As a follow-up to the article where Ecobat Battery Training Manager, Christopher Jones, explained how the company was bolstering the knowledge of its frontline team, he is back and buoyant after it emerged the hard work had come to fruition:
The purpose of introducing our comprehensive branch training policy was to equip the Ecobat Battery team to help our immediate customers, the wholesalers, to increase their knowledge, and ultimately, sell more batteries – and I’m delighted to report that it’s working!
The market is changing at a faster rate than ever before, which is why training now plays such a big part of our business. By helping our customers, we not only cement our business relationships, but give them the confidence to look at sectors they would never have considered previously, for example.
Although it sometimes feels like we are being asked the same questions every day, especially regarding batteries or issues in start/stop vehicles, it’s actually a good thing, as it shows that workshops are now not turning work away, as they are confident that help is available. As a result, we have a lot of motor factors making contact and asking us questions, and it’s our sales teams that are most often the first point of contact, so training is also vital for them.
The aim was to put together an adaptable training package that can be used for a newcomer to the battery business, someone with mid-level understanding or even individuals with very good battery knowledge. It can, therefore, be split into three sections to cover the level required, as well as being suitable to be used as a refresher; however, the overriding priority that it is vital for them to learn, is the fundamental principles of how a battery works, which is covered in this training.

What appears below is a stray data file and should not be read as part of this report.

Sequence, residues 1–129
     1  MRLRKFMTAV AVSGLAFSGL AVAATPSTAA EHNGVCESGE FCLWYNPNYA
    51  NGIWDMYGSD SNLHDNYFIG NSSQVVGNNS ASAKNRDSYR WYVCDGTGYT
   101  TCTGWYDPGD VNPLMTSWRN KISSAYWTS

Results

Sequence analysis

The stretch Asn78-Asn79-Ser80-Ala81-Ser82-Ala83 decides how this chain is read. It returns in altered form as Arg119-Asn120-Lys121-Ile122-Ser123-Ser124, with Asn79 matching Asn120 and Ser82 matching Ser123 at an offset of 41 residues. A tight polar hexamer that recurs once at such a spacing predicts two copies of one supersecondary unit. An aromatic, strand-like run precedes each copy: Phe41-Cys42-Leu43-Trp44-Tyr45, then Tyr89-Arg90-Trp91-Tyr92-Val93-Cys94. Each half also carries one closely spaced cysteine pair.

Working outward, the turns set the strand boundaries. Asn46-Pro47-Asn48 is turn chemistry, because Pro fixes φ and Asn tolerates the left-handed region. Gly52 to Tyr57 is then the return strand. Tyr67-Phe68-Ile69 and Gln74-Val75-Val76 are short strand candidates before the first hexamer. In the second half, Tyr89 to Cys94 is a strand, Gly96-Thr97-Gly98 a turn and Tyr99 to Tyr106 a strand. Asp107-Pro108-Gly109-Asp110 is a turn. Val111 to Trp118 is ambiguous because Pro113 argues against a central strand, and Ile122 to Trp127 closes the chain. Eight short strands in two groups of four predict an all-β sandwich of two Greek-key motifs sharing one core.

However, we’re not just using it internally as this example from Mark Allsopp, one of our business managers who looks after a tyre company called Tanvic Tyres, demonstrates. The company asked him for help regarding training for newcomers to the business, which was an ideal opportunity to use the package to provide the support they required.
Mark sent them the presentation and then set a few questions to see how well they understood the information it contained. The training was very well received and the staff who participated got on well with their answers, prompting a member of the Tanvic operation team to respond.
This, and several other similar examples, have proved the importance of staff training and that going forward this will become a growing part of our business support.
In addition, as technology develops, there will be new product introductions that we ourselves will need to understand to know the part they’ll play in the sectors we are involved with; however, we are very lucky to deal with a wide range of manufacturers that are always happy to share information on these new opportunities.
One final thought: the first battery I changed was in a 1966 Morris 1000 Traveller, which took five minutes. Comparing that to recently spending 90 minutes helping a friend with a battery on a BMW M3 convertible, I was left pondering over just how much things have changed and how important it is to add the cost of fitting to the quotation for a replacement battery! The one thing it has proved, however, is that training is a fundamentally positive way forward.